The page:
First off, and this goes for owners too (that have a lot of money, but usually zero experience in the business), this is not the place and position for the arrogance and bravado of the American ego, including an overkill of wine snobbery, to be put into regular practice with an open gate. Humility would be much more appreciated by all others concerned and in the direct vicinity of, from a standpoint of working condition and overall getting-along.
Out of respect, this is why managers don’t spend too much time behind the galley of a kitchen. They don’t want the chef to get fed up to the point where he/she pulls out a carving knife. They need to show the same respect with other positions of production as well, especially if they’ve never put the hours in the trenches like the rest of us.
Bartenders, waiters and chefs infuse the humble approach of communications as a means to smoothen the energy over the long, stressful ride of a busy night-after-night, to avoid blowing out in any given moment or burning out somewhere down the road, if proper, efficient work methods aren’t in place. We have to have it this way in order to survive the loads of pressure. Managers should adhere to the same considerations by understanding all that we go through.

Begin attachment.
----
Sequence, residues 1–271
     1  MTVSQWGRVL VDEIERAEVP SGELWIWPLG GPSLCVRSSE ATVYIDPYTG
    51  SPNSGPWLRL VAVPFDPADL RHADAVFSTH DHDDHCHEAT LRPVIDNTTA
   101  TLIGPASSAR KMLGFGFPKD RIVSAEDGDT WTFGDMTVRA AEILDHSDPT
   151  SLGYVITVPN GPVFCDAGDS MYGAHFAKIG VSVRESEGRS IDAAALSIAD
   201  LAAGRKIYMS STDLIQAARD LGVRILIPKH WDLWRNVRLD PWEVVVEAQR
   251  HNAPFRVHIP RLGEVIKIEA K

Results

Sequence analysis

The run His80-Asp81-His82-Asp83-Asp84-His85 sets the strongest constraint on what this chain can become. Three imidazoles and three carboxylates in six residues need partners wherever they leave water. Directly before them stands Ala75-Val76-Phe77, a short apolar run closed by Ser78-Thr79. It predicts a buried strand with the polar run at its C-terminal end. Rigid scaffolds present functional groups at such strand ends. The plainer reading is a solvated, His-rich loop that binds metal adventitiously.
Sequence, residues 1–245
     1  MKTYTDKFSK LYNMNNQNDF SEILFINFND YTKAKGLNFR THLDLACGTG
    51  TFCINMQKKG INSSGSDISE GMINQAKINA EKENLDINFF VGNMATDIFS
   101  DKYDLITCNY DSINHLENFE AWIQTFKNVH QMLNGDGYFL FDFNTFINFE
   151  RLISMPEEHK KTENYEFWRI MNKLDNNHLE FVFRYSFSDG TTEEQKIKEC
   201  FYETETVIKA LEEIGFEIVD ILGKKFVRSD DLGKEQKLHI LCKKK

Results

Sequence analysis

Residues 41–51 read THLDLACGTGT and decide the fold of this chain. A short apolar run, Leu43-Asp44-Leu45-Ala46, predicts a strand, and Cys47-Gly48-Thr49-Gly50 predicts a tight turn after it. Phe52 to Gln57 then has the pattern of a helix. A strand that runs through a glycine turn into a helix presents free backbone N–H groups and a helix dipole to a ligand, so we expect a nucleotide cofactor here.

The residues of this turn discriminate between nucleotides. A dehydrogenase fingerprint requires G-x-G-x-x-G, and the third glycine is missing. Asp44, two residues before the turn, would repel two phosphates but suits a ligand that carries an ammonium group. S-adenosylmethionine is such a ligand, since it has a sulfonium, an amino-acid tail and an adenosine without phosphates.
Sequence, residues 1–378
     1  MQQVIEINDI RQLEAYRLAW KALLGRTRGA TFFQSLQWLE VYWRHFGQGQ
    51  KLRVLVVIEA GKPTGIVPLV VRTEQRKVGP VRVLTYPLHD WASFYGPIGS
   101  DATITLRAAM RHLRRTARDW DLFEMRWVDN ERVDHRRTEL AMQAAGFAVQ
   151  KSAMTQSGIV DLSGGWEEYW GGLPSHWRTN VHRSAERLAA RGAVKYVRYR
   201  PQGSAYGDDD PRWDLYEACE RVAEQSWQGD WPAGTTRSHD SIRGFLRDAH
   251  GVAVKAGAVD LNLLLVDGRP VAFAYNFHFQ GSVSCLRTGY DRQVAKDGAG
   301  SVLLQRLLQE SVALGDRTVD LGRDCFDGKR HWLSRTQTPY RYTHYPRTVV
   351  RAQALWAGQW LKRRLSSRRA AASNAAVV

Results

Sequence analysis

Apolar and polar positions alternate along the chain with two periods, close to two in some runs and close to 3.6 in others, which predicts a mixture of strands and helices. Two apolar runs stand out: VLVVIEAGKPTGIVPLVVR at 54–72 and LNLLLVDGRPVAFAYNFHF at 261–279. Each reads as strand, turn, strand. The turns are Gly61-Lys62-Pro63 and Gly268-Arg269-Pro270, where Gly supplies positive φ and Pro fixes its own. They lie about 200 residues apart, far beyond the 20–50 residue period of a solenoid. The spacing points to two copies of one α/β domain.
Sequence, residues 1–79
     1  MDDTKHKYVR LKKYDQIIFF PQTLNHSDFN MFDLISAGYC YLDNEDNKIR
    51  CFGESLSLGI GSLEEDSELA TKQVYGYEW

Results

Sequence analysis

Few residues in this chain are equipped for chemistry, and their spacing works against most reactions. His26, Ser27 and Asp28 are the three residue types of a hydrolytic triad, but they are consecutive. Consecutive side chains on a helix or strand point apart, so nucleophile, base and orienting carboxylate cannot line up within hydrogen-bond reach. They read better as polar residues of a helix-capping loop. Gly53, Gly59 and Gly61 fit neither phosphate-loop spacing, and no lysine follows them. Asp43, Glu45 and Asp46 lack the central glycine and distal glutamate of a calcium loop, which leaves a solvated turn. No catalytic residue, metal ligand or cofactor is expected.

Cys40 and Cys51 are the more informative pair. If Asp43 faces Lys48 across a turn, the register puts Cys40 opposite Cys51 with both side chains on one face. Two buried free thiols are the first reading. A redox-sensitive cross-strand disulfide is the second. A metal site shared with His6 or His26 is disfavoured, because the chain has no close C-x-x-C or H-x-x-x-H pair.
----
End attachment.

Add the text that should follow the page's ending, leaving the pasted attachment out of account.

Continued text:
I am not putting the responsibilities that managers have as secondary to our own. Most of us who work in the business in our positions are very aware of their job description, as we may have held similar positions in the past. Non-creative manager types are sometimes cooler and easier to work with, as they usually stay out of the way and avoid screwing something up. If there’s a problem, issue or improvement possibility with operations, we’ll let you know. Our positions are like the engine room of a cruise ship, but on top for all to see, not below deck. In other words, don’t raise the steam! The job and all its endless attention to detail can be difficult enough as is.